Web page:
One of the most unique things about pairing food and beer is the variety of styles and flavor profiles available to choose from. Unlike wineries, Craft Brewers have an almost infinite list of malted barley, hops, yeast and spice combinations that can be adjusted to produce flavor profiles that are very specific and much easier to pair with food.

Beer has been around for thousands of years and it has been used in the kitchen from the beginning. I recommend starting your journey at Begin with something easy like a beer bread mix and work your way up to some more complex beer-based sauces and reductions. And if you’re in the mood for a good laugh, check out our “Beer Before Breakfast” web series.

SOB: Share with our readers how you created one of your most popular beers from start to finish – from coming up with the concept and label design, to selecting the ingredients and brewing.

JWWe are really fortunate to have one of the most highly decorated Master Brewers in the South here at Back Forty Beer Company. Jamie Ray has been brewing beer for over 20 years and has received multiple medals from the Great American Beer Festival and the World Beer Cup.

Jamie and our assistant brewers have the freedom to brew whatever they want, whenever they want. Our tap room serves as a great starting point for the process. If our customers respond positively to the test batches, we will brew a larger batch and send samples to the Chefs that we work closely with.

After the Chefs give their feedback, it’s time for us to start thinking about refining the recipe and designing the packaging. When it comes time to designing a label, it’s all about the name for us. We start thinking about Southern-inspired names that might get a good laugh, but also do a good job of telling the story of the beer.

For example, we use local wildflower honey in our award winning Truck Stop Honey Brown Ale. We named the beer 'Truck Stop Honey' because the beekeeper we were sourcing the local honey from primarily sold his product in truck stops throughout the State. But there’s also an inside joke there for Southerners. Anyone who has spent time in Alabama knows that the term 'Truck Stop Honey' can have an entirely different meaning!

SOB: We imagine that the test batches you make are some of the most enjoyable parts of your job. Can you tell us about the best and worst experiments you’ve done?

JWWe just finished a batch of Sweetened Cuban Coffee Stout that turned out great. We use real Cuban Coffee and the aroma is just unreal. We also just finalized the recipe for our new wheat seasonal, brewed with local peaches from Chilton County, Alabama.

As for the worst, there are too many to list! We brewed a beer with peanuts once and it was awful. We also tried a chili pepper beer once that made everyone in the brewery very sick. It’s a tough job, but someone has to do it!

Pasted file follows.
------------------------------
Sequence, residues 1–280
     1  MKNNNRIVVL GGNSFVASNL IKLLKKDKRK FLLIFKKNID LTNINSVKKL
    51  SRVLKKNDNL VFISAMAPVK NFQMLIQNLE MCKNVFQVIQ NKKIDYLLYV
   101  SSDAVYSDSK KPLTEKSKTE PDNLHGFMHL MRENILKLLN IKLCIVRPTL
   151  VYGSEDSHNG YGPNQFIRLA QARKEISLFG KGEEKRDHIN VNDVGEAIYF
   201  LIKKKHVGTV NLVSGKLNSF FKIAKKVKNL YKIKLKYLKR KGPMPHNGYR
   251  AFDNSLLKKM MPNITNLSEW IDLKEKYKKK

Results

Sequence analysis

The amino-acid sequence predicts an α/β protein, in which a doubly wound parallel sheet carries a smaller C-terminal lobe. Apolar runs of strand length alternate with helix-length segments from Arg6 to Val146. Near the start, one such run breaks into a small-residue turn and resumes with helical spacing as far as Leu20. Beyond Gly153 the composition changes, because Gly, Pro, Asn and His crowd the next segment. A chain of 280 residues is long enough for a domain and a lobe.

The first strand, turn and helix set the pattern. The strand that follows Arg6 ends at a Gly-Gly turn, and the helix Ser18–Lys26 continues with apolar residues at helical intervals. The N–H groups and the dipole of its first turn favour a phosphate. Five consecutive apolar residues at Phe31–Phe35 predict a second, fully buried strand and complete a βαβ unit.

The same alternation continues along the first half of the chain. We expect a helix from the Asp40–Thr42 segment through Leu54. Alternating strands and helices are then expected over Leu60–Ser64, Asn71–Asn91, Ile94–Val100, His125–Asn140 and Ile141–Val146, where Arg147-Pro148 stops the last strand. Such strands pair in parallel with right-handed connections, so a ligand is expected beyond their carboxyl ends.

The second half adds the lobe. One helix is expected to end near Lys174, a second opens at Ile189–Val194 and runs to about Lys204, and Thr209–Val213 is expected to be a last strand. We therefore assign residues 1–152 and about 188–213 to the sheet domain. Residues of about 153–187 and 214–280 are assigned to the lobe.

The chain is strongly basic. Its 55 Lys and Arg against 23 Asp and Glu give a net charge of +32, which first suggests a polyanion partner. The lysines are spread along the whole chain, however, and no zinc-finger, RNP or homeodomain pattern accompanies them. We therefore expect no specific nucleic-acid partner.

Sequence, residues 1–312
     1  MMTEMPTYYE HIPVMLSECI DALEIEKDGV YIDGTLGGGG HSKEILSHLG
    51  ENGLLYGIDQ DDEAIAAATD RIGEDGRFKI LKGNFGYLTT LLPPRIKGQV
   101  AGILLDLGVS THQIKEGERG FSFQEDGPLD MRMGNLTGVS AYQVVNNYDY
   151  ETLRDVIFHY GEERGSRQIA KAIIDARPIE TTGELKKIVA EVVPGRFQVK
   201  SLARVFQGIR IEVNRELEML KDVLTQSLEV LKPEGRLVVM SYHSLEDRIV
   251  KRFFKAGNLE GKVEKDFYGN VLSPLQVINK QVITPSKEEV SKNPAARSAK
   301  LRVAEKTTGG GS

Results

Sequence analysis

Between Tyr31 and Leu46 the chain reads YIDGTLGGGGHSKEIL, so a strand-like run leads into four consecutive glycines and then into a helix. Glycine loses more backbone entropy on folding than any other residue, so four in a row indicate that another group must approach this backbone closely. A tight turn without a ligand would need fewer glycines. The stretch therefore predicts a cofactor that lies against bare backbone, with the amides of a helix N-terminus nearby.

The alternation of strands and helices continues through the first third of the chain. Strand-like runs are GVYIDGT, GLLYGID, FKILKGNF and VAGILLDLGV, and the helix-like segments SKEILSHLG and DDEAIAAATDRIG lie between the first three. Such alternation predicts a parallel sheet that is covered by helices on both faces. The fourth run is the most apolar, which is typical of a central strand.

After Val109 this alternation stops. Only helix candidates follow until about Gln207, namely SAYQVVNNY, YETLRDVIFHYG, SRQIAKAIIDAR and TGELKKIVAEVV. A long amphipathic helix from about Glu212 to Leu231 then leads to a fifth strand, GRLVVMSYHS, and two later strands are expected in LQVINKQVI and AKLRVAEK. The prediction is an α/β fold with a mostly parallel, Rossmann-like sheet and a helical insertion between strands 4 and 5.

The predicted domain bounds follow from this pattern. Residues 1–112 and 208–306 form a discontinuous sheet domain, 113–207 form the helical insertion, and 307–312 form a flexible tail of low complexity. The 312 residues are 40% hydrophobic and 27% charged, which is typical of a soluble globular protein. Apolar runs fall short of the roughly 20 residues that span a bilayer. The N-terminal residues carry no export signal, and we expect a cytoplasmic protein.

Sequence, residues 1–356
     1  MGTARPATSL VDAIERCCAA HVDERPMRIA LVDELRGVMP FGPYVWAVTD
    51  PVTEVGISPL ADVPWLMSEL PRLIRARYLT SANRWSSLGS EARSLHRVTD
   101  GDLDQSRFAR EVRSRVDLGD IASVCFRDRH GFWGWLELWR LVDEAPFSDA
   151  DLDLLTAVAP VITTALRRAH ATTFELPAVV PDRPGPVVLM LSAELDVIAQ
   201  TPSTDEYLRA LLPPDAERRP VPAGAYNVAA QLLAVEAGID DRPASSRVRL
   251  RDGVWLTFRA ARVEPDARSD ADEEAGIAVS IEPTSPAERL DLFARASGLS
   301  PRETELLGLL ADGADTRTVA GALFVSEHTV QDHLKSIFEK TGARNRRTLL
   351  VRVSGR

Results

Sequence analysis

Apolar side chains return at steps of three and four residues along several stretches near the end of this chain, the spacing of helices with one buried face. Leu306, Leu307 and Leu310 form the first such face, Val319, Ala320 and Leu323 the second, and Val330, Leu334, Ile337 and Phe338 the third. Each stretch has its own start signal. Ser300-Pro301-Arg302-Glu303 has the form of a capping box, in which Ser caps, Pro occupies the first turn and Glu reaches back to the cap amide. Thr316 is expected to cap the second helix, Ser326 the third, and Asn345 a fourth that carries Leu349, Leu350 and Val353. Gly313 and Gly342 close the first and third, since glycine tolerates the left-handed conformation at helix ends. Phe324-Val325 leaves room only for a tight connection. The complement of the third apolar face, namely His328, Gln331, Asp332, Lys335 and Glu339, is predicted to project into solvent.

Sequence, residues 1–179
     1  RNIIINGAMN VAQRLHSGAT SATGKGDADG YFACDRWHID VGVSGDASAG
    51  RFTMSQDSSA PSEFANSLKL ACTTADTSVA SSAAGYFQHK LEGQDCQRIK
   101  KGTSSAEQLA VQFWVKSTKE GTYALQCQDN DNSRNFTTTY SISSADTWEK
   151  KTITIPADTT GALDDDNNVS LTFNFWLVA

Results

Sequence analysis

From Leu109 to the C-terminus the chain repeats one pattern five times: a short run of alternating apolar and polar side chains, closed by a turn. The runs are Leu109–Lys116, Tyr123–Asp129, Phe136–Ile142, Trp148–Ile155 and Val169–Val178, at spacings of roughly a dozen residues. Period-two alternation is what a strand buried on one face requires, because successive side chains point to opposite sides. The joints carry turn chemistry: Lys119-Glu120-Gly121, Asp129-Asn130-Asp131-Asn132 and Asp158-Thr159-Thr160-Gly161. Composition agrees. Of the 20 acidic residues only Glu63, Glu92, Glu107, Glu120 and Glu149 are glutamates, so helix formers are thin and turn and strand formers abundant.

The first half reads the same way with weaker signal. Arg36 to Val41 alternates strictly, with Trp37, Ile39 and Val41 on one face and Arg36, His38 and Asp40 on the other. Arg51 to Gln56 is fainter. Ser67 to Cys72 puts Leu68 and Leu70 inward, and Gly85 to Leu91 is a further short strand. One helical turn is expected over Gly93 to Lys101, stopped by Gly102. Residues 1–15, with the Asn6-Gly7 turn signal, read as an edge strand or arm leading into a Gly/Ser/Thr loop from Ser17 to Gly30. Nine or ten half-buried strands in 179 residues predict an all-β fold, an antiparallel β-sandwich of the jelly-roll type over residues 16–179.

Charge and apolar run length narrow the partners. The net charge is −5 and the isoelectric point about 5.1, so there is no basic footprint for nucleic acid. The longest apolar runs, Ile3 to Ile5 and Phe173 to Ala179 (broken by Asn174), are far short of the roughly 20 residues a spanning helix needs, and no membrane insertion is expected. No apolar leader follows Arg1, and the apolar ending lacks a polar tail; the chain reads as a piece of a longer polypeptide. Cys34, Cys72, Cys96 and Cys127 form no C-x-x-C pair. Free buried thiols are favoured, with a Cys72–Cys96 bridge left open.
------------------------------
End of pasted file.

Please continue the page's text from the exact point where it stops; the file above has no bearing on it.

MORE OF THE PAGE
SOB: What’s the most interesting feedback you’ve received from one of your beers?

JWI remember getting cornered by a very passionate homebrewer one time at a beer festival. He started off by telling me how the 'Kudzu leaves' in our Kudzu Porter were way too overpowering. He then proceeded to spend the better part of the next hour explaining how we could go about fixing the issue. I never had the heart to tell him that we don’t actually put Kudzu leaves in the beer.

Probably the most interesting thing to me is how proud people are when they see our products outside of the home market. We get tons of emails from locals who have seen our beers in Miami or Atlanta and they are always so proud of their home brewery.

SOB: Is there any way for people outside the southeast to get their paws on one of your beers?

JWWe sell our beers throughout Alabama, Mississippi, Georgia, and Florida. And if you happen to be on vacation in Grand Cayman, make sure to stop by Michael’s Genuine Food and Drink. They have all of our products.

We will also be participating in a special edition mixed 24-pack of American Craft Beer that will be distributed throughout Canada later this year.

If all else fails and you can’t make it to the Deep South, you can always catch us at the Great American Beer Festival held each year in Denver, Colorado.

SOB:If a beer lover were in Gadsden, Alabama for just 24 hours, where do you recommend they go?

JWOur tap room, of course! But if you knock on the door and nobody answers, make your way across the railroad tracks of our historic downtown and grab a pint at the best beer bar in Gadsden, Blackstone Pub.

SOB: What would people be most surprised to learn about the secret world of brewing?

JWI think most people would be surprised how much cooperation there is in our industry. Unlike most industries where you have competitors that are constantly trying to put you out of business, the craft beer industry is a very tight community.

It’s not uncommon for breweries to loan each other raw materials to bridge a gap in supply. It’s also pretty common to see brewers drinking other local beers while they are out in the market. It’s just a really great environment to do business in.